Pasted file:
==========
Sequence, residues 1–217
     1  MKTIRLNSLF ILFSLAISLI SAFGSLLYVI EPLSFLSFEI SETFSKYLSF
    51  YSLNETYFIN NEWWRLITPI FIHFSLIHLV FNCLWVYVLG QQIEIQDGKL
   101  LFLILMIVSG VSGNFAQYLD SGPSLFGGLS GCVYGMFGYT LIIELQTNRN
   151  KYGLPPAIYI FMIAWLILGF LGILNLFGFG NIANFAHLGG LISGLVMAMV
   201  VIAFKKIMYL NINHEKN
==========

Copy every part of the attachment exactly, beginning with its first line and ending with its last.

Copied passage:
Sequence, residues 1–217
     1  MKTIRLNSLF ILFSLAISLI SAFGSLLYVI EPLSFLSFEI SETFSKYLSF
    51  YSLNETYFIN NEWWRLITPI FIHFSLIHLV FNCLWVYVLG QQIEIQDGKL
   101  LFLILMIVSG VSGNFAQYLD SGPSLFGGLS GCVYGMFGYT LIIELQTNRN
   151  KYGLPPAIYI FMIAWLILGF LGILNLFGFG NIANFAHLGG LISGLVMAMV
   201  VIAFKKIMYL NINHEKN